Investors should also heed the fate of Sergey Magnitsky, Hermitage Capital’s attorney who refused to give in to corrupt tax officials only to pay with his life. Recently, both US houses of Congress introduced the “Justice for Sergei Magnitsky Act of 2010”, which is not only symbolic but hits his perpetrators in their pocketbooks. The bill prevents Russian officials implicated in Sergey’s murder from entering the United States and freezes their assets here.
When introducing the bill, US Senator Benjamin Cardin said,
Nearly a year after Sergei’s death, the leading figures in this scheme remain in power in Russia. It has become clear that if we expect any measure of justice in this case, we must act in the United States…At the least we can and should block these corrupt individuals from traveling and investing their ill-gotten money in our country.
Although Russia is a tempting place to invest in new business with their highly educated population and large reserves, you should be cautious about the exhortations offered by President Medvedev. He has promised much but delivered little during his term and with the 2012 presidential elections coming up, the winds are blowing against his direction and even his meager declarations of modernization, transparency and accountability may come to an end.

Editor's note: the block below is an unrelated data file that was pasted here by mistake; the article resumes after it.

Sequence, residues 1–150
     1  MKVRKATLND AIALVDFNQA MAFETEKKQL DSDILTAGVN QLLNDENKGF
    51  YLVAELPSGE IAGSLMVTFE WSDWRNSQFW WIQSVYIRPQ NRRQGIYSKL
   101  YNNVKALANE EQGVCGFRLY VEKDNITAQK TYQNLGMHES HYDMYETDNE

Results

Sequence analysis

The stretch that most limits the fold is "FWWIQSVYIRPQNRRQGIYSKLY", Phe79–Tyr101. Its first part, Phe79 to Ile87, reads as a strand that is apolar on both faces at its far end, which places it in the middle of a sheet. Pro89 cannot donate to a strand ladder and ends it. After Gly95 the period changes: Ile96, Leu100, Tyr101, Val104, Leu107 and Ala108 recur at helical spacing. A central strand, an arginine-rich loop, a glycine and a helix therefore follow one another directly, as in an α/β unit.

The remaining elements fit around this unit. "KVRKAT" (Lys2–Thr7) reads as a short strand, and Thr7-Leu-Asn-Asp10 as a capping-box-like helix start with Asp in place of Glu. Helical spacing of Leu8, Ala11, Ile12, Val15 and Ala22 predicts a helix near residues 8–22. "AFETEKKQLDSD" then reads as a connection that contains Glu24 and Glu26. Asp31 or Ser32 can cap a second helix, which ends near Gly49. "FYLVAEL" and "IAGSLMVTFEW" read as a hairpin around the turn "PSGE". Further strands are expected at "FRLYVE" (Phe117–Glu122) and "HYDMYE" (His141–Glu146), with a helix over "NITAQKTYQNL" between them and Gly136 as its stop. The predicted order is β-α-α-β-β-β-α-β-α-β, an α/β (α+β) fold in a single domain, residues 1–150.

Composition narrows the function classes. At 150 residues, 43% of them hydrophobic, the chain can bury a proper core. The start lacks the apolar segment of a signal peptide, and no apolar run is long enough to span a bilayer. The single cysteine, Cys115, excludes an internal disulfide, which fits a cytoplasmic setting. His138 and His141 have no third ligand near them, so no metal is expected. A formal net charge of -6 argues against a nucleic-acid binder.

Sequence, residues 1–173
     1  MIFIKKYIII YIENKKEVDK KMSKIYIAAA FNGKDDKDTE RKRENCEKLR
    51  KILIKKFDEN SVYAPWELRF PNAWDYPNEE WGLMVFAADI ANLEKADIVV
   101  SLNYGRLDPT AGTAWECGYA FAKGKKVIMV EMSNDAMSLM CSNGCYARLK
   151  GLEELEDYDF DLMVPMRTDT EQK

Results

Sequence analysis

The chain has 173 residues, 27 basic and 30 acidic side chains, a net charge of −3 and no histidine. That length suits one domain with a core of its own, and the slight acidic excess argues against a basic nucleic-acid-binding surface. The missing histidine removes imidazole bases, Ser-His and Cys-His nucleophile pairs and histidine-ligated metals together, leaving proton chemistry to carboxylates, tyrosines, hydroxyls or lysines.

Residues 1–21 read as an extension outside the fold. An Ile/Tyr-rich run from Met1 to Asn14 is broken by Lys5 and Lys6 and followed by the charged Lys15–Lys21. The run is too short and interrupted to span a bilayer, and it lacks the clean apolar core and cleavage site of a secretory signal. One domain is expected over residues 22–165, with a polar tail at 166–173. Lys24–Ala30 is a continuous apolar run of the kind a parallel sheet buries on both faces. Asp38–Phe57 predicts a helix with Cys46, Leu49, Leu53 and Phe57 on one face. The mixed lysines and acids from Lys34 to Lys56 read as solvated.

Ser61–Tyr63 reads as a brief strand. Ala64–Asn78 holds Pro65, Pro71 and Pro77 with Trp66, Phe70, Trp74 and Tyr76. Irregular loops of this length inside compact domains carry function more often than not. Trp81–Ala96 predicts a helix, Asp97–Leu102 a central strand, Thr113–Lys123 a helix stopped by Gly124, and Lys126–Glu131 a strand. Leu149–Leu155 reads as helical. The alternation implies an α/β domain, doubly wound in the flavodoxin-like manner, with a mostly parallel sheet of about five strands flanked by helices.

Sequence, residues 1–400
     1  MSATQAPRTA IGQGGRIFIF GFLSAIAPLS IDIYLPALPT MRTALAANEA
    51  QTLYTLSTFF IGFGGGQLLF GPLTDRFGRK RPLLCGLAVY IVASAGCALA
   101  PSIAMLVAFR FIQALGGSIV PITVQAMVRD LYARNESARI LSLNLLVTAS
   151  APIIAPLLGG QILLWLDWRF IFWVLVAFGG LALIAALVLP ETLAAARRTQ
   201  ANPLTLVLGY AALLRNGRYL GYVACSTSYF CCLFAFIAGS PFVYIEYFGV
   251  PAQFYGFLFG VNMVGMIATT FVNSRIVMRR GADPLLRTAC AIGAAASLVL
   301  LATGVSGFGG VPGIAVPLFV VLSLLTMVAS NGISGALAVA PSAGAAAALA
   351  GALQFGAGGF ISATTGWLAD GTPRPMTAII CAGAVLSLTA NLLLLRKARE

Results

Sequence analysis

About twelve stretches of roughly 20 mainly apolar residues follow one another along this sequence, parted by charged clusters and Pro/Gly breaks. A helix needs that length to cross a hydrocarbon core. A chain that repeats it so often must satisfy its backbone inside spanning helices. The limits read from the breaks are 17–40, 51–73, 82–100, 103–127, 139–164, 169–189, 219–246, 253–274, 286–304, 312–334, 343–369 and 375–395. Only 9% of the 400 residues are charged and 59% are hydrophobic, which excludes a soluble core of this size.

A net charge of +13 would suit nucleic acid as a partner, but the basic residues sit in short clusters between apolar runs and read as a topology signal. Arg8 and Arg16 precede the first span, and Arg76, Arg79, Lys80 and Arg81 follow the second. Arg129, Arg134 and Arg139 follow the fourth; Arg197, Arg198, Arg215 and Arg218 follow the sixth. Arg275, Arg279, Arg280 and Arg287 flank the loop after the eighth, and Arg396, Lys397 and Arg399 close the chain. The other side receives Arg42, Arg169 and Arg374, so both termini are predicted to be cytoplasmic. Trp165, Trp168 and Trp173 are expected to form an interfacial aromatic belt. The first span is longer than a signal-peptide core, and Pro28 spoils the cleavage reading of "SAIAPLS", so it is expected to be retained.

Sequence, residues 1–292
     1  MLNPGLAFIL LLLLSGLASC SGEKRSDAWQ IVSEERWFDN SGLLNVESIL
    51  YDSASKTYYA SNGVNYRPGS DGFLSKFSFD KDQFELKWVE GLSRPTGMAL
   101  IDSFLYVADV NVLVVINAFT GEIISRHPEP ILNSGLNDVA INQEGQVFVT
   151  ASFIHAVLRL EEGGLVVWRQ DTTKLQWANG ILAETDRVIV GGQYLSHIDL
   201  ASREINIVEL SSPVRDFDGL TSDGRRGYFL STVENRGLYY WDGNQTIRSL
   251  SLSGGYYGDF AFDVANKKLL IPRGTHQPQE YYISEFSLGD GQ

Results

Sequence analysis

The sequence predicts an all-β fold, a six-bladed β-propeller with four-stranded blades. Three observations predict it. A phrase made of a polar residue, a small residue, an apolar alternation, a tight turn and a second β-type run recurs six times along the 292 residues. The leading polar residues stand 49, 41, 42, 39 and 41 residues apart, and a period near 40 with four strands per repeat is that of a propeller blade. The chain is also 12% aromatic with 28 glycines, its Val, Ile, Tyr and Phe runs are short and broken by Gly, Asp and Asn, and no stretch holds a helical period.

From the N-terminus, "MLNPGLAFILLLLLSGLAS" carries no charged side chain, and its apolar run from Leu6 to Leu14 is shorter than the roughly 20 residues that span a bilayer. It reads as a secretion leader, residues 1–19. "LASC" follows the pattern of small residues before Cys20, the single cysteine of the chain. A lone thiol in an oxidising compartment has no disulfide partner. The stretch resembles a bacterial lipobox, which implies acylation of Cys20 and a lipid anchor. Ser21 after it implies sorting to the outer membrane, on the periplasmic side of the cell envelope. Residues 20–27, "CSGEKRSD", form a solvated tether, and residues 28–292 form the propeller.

Email email@example.com and become a shareholder of Russian Economic Freedom.
On Friday, October 22, former Russian Prime Minister Mikhail Kasyanov spoke about the potential for political change in Russia at Columbia University’s Harriman Institute. Some issues he mentioned included the need for political opposition, rule of law and greater foreign investment in Russia. Kasyanov also mentioned the need for Russia to have an active political opposition, something Russia currently lacks. Over 100 people came to listen to the potential 2012 presidential candidate as he described a Russia that leads through example and cooperation, not words and intimidation.
Foreign investors are finicky and there are a lot of options. Last week, Transparency International released their latest Corruption Perception Index and Russia dropped to 154th out of 178 countries, making it the most corruption country in the G20.